Treating heart attack patients at the roadside with ECMO SUB30

25 Sep 2019

A clinical study we are funding has now launched that could improve survival and recovery rates among the thousands of people who suffer a cardiac arrest outside of hospital every year. 

It aims to prove that placing suitable patients on "ECMO" within 30 minutes of the 999 call, could be lifesaving.

When someone suffers a cardiac arrest outside of hospital, conventional resuscitation methods are used to get the person’s heart restarted. Unfortunately, even if the patient’s heart is able to get restarted by these methods, their vital organs – including the brain – have often been starved of oxygen for so long by this point that they may be left with significant brain damage. 

Patients who suffer cardiac arrests outside of hospital unfortunately have very poor survival rates. Of the 4,389 patients that London Ambulance Service attempted to resuscitate last year, only 395 (9 per cent) of those patients survived and were able to return home, despite the best efforts of emergency responders. 

In the event of a cardiac arrest in hospital, some patients can be supplied with well oxygenated blood using a method called Extra Corporeal Membrane Oxygenation (ECMO) to keep their organs functioning whilst the cause for the cardiac arrest is treated; giving the patient the best possible chance of recovery.  

Delivering life-saving intervention

Now, a team of experts from Barts Health NHS Trust, London’s Air Ambulance Charity and London Ambulance Service have joined together with Queen Mary University of London in a pioneering trial. This Sub30 trial that we are joint funding with London's Air Ambulance, aims to offer the same opportunity to suitable cardiac arrest patients outside of hospital and will see ECMO used at the roadside for the first time in the UK.

Simon Finney, Chief Investigator and ECMO Consultant at Barts Health NHS Trust says: “After 20 minutes of CPR, not only does the likelihood of a patient’s heart restarting dramatically decrease, but the risk of severe brain injury should they survive drastically increases. That’s why we consider 20 minutes to be the critical point at which our intervention would be in the best interest of the patient.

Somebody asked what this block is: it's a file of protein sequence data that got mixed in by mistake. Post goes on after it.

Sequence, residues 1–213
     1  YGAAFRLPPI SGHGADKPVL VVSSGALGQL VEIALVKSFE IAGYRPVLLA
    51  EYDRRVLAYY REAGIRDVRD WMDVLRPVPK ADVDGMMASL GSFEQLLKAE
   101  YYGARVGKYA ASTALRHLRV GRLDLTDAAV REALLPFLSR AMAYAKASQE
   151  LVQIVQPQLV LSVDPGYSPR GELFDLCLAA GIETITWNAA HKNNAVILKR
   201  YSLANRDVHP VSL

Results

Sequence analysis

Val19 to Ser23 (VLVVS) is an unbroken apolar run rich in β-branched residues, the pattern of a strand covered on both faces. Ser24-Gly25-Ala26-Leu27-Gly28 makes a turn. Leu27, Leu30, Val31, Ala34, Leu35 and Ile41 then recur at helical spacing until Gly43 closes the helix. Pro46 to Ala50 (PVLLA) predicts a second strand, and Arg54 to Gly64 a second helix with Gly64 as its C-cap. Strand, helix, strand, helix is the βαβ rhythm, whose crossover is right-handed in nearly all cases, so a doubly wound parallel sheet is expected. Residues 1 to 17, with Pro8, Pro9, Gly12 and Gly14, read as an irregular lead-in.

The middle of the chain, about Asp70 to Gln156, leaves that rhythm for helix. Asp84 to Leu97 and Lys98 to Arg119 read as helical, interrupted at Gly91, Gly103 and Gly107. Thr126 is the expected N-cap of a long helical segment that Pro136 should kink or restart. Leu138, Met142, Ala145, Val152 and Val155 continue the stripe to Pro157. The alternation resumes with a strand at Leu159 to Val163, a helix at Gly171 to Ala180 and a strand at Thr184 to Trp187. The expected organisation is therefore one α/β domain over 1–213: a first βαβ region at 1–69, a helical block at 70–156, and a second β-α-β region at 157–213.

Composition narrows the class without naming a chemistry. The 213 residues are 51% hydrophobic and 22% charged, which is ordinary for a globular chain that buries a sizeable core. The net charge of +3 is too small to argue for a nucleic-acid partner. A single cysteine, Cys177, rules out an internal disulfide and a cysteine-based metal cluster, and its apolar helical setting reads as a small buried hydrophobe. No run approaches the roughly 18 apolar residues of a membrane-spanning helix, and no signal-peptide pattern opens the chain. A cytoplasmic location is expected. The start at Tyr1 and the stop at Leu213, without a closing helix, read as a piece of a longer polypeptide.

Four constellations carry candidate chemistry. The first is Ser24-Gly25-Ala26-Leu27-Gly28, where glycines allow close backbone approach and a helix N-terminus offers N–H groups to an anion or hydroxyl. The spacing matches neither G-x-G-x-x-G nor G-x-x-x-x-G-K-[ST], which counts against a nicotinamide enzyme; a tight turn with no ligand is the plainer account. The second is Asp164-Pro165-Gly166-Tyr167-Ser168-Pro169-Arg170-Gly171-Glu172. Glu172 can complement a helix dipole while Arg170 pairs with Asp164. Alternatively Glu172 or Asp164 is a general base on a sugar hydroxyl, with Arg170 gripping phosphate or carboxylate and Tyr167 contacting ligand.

“Over the next year, we hope to learn whether or not it’s even possible for us to. If we’re able to show it is possible then our next step would be to roll this study out on a larger scale and work out more formally if it helps improve outcomes for patients.”

A London’s Air Ambulance rapid response vehicle staffed by three consultant doctors and one Advanced Paramedic in Critical Care from London Ambulance Service will be on standby across the Barts Health Heart Attack Centre catchment area, and respond to cardiac arrest emergency calls. Carrying advanced medication, equipment and treatments that are usually only found in hospital ECMO departments, the team will take the hospital to the patient to deliver this potentially life-saving intervention.

Patients’ organs will be supplied with pressured and oxygenated blood, giving the patient and the medical team time to transport them to the Heart Attack Centre at St Bartholomew’s Hospital, London where the ECMO can be continued and the reason for the cardiac arrest investigated without the concern of the brain and other organs deteriorating due to a lack of oxygen.

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